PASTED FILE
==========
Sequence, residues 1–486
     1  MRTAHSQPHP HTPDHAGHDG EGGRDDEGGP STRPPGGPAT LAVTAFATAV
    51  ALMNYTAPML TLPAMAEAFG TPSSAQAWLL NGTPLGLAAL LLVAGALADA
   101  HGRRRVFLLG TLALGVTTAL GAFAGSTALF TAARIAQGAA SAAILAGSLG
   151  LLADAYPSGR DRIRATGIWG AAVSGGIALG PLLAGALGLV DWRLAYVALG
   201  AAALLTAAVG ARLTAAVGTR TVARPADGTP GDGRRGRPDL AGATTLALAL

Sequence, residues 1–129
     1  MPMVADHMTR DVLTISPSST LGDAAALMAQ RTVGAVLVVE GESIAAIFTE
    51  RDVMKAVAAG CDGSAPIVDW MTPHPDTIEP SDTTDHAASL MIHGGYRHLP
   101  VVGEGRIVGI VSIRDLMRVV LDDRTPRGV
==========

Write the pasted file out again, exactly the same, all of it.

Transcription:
Sequence, residues 1–486
     1  MRTAHSQPHP HTPDHAGHDG EGGRDDEGGP STRPPGGPAT LAVTAFATAV
    51  ALMNYTAPML TLPAMAEAFG TPSSAQAWLL NGTPLGLAAL LLVAGALADA
   101  HGRRRVFLLG TLALGVTTAL GAFAGSTALF TAARIAQGAA SAAILAGSLG
   151  LLADAYPSGR DRIRATGIWG AAVSGGIALG PLLAGALGLV DWRLAYVALG
   201  AAALLTAAVG ARLTAAVGTR TVARPADGTP GDGRRGRPDL AGATTLALAL

Sequence, residues 1–129
     1  MPMVADHMTR DVLTISPSST LGDAAALMAQ RTVGAVLVVE GESIAAIFTE
    51  RDVMKAVAAG CDGSAPIVDW MTPHPDTIEP SDTTDHAASL MIHGGYRHLP
   101  VVGEGRIVGI VSIRDLMRVV LDDRTPRGV